Soldin: AFP journalist Arman Soldin killed in eastern Ukraine

CHASIV YAR: Arman, AFP video coordinator in Ukraine Sold in was killed by rocket fire near Chasiv Yar in eastern Ukraine on Tuesday, AFP journalists who witnessed the incident said.
The attack occurred at around 4:30 p.m. (1:30 p.m. GMT) on the outskirts of the nearby town of Bakhmut, the epicenter of fighting in eastern Ukraine for several months.
The AFP team came under Grad rocket fire while they were with a group of Ukrainian soldiers.
Soldin, 32, was killed when a rocket hit near where he was lying. The rest of the team is unharmed.
“The whole agency is devastated by the loss of Arman,” said AFP President Fabrice Fries.
“His death is a terrible reminder of the risks and dangers facing journalists covering the conflict in Ukraine every day.
French President Emmanuel Macron paid tribute to Soldin on Twitter, hailing his “bravery”.
“With bravery, from the first hours of the conflict he was at the front to establish the facts. To inform us,” Macron wrote, saying he shared “the pain of his loved ones and all his colleagues”.
Ukraine’s Defense Ministry offered its “sincere condolences” to Soldin’s family and colleagues in a statement on Twitter, saying he was killed in a Russian missile attack on Chasiv Yar in the eastern region of Donetsk.
“He dedicated his life to informing the world of truth. His legacy, as well as his cause, will live on,” he said.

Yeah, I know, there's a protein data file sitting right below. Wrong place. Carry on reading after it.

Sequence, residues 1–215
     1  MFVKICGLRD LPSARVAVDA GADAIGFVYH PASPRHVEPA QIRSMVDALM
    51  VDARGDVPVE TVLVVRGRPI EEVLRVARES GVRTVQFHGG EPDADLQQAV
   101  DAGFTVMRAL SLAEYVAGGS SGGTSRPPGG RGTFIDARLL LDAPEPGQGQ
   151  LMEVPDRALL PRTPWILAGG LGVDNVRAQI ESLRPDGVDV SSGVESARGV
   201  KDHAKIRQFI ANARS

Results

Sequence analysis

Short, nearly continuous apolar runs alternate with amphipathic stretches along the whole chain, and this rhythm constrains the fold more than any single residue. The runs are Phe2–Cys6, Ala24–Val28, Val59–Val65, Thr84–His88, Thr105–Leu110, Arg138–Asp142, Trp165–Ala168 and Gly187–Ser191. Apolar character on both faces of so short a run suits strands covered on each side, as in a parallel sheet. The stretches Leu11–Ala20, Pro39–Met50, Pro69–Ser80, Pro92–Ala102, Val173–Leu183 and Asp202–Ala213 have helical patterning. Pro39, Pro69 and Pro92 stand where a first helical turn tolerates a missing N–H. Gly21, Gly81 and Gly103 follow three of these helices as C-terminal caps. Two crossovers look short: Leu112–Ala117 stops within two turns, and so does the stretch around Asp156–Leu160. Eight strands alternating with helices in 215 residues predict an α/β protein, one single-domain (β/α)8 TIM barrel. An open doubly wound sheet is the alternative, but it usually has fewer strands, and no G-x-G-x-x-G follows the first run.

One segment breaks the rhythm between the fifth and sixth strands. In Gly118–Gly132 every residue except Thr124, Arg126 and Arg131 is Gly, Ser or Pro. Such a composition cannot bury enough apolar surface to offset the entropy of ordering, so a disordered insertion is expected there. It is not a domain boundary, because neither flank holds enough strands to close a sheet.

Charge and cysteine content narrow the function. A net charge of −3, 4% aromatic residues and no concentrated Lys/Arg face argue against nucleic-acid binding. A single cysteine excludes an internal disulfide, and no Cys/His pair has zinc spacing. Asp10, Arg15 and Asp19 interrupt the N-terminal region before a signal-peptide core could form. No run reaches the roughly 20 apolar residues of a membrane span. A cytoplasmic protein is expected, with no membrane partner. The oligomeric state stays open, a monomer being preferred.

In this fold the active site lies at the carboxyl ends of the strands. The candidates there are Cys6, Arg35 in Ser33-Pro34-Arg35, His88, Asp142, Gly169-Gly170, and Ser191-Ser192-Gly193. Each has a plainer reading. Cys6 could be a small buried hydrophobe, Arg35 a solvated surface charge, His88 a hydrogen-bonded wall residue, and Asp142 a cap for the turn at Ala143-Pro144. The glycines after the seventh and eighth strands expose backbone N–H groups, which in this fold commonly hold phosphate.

Born in Sarajevo, Soldin was a French national who started working for AFP as an intern in its Rome office in 2015 and was later hired in London.
He was part of the first AFP team sent to Ukraine after the Russian invasion began on February 24, 2022, arriving the next day.
Soldin had lived in Ukraine since September, directing the team’s video coverage and traveling regularly to frontlines in the east and south.
“Devoted to his craft”
Soldin’s death means at least 11 journalists or media fixers and drivers were killed covering the war in Ukraine, media advocacy groups Reporters say Without limits (RSF) and the Committee to Protect Journalists (CPJ).
In Washington, the White House also paid tribute to Soldin, with press secretary Karine Jean-Pierre saying the world was “indebted” to the journalists who lost their lives covering the conflict.
“Journalism is fundamental to a free society,” she said in a statement.
“Arman’s brilliant work sums up everything that makes us so proud of AFP journalism in Ukraine,” said the agency’s news director. Phil Chetwynd said.
“Arman’s death is a terrible reminder of the risks and dangers of covering this war. Our thoughts tonight are with his family and friends, and all of our people on the ground in Ukraine.”
AFP Europe director Christine Buhagiar remembers Soldin as “a real field reporter, always ready to work even in the most difficult places”, she said. “He was totally dedicated to his craft.”
Colleagues said Soldin especially knew how to tell the lives of ordinary people caught up in the Ukrainian conflict, desperately trying to survive amidst the chaos.
In kyiv, he found a tender moment between a conscript father and his young son who had fled overseas, bonding over an online strategy game.
Earlier this month, he even rescued an injured hedgehog from a trench and treated him. He named him Lucky.
The founder of Ukrainian animal rights organization UAnimals, Oleksandr Todorchuk, spoke of Soldin’s “absolute kindness” when he came to the aid of the hedgehog.
UAnimals was setting up a grant for volunteers and shelters that save hedgehogs “in memory of Soldin and his big heart,” Todorchuk wrote on Facebook.


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